The final piece of Chase’s financial program did not fall into place until midway through the war. The National Banking Act of February 1863 (and legislation of June 1864) established a new system of banks. Finally, in March 1865, Congress passed a 10 percent tax on all notes issued by State banks [which was sufficient to] drive most State banks into the new banking system.

When all was said and done bond sales funded two-thirds of the North’s military expenses. Various forms of wartime taxation funded 21 percent of the war’s cost, and the remaining costs were financed through inflation. By printing greenbacks the federal government caused an increase in prices, which had a measurable impact on the Northern economy. At their peak, prices rose to 80 percent above antebellum levels.

The funding legislation passed by the war Congress raises a broader issue. How did wartime measures reshape the American economy?

One long-standing interpretation is that the war was a triumph of industrial capitalism. With for decades the intellectual heirs of Thomas Jefferson and Alexander Hamilton had battled over the constitutionality of federal measures to assist economic development.

With the [Southern] congressmen safely out of the way [in 1861] – so the interpretation goes – Republicans were free to pursue an agenda which features protective tariffs and strong banking legislation. The Civil War provide the perfect excuse for imposing a broad economic revolution.”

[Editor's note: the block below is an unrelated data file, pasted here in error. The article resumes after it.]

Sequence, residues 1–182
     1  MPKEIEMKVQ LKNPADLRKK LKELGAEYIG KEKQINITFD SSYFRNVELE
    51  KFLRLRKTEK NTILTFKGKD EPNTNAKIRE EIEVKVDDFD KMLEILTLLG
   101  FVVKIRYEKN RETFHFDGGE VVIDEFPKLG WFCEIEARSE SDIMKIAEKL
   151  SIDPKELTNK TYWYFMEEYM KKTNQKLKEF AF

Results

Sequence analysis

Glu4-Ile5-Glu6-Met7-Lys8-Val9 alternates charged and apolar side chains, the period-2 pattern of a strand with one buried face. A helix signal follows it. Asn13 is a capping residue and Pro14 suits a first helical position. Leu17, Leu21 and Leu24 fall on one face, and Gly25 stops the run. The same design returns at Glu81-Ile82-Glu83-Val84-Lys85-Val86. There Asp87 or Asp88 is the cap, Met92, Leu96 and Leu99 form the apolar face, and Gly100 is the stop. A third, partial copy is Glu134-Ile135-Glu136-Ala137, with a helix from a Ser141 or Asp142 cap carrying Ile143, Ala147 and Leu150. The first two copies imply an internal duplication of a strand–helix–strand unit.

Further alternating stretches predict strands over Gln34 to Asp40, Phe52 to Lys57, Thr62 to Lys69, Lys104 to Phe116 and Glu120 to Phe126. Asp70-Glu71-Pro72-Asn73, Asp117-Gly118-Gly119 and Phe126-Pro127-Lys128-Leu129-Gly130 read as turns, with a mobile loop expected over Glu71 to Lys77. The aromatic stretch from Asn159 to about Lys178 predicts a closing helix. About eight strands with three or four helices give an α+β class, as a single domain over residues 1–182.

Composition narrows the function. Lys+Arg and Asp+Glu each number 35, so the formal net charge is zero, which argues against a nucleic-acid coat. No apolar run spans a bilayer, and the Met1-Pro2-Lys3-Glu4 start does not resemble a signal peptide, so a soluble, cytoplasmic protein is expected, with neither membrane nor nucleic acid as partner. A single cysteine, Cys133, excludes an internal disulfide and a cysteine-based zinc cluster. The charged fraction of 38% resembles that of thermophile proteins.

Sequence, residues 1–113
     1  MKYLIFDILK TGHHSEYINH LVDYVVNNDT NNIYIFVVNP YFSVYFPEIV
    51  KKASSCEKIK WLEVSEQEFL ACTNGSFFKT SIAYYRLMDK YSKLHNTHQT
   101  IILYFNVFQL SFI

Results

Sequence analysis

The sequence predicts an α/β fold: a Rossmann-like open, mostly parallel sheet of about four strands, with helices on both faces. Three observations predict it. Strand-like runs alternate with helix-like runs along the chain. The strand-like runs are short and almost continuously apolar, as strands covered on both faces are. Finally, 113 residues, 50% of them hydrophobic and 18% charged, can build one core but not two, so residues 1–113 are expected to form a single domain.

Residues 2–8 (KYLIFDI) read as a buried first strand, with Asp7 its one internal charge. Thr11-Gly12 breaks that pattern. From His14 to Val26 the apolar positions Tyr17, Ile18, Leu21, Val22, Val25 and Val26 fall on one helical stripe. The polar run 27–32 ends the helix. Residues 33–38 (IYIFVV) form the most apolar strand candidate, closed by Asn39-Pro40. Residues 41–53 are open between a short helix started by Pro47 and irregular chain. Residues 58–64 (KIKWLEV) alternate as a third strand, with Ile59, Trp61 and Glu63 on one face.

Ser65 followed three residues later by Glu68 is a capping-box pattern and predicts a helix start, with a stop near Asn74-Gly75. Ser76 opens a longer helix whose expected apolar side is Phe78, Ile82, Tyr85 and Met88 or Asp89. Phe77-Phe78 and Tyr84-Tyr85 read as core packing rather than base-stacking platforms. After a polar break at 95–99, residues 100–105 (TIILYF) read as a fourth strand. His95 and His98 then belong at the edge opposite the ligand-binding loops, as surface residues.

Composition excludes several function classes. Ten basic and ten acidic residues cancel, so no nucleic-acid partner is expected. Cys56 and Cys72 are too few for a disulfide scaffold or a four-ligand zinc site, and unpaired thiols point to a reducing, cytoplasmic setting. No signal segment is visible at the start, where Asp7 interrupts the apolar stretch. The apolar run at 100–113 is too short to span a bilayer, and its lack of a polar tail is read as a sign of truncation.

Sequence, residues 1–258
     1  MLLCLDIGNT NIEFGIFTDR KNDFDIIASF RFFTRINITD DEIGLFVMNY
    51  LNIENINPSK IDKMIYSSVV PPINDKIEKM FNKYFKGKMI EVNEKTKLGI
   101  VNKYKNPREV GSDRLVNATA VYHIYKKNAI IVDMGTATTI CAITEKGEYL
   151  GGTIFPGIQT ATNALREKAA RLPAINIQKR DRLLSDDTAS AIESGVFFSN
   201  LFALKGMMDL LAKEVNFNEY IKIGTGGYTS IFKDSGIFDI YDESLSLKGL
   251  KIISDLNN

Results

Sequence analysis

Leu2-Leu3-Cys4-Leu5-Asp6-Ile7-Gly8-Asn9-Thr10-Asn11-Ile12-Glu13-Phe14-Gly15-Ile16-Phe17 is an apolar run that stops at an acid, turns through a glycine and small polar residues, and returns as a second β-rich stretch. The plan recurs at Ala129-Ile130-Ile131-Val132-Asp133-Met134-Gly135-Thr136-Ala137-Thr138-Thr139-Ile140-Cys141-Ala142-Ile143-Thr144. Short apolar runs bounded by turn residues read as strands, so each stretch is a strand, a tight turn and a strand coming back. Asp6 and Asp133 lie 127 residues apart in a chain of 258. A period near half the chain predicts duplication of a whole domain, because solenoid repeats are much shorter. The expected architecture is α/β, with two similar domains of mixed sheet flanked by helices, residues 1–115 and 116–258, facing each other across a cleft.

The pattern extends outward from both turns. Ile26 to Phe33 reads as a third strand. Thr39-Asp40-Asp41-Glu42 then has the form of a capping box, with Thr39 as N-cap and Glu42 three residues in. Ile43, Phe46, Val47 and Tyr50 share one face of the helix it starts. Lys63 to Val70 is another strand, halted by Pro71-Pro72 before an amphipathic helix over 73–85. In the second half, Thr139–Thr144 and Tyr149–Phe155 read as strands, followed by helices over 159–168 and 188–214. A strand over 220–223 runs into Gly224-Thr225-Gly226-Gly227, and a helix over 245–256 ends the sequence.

(The North Fights the Civil War: The Homefront, J. Matthew Gallman, Ivan R. Dee, 1993, excerpts pp. 96-99)

4 comments:

  1. PragerU Video - Why You Can't Argue with a Leftist

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    1. Excellent and I posted that awhile back. A Vietnamese board that I comment on frequently has a Dennis Prager thread running.

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  2. Please check out part 3 of socialists running public schools on
    https://revisedhistory.wordpress.com posted 2/14/19. Thank you.

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  3. Firstly, the reason the South paid more in tariffs than the North was because the powers that be choose not to industrialize to any great extent to extent the North did. The burden of that cost weighed more heavily on the lower classes and was used as a political instrument.
    Secondly numerous banks especially those in New York and London freely loaned money to bother the abolitionists and secessionists that exacerbated the tensions. But when the conflict started flatly refused any loans to the US government. This had nothing to do with and so-called opposition to the war or slavery. It had everything to do with ongoing British resentment over the Revolutionary War and to extend further control of global cotton supplies. They had already seized both the Egyptian and Indian supplies. Even worse in India they had banned the local production of woven textiles and triggered mass starvation and death that we then used to cynically promote the Malthusian Theory. There can be no doubt that had the South prevailed the British would have sought to cut of Cotton supplies to Northern textile manufacturers who were their largest single competitor.
    Never, ever, ever discount the venality of the British Empire send their resentment for losing the war.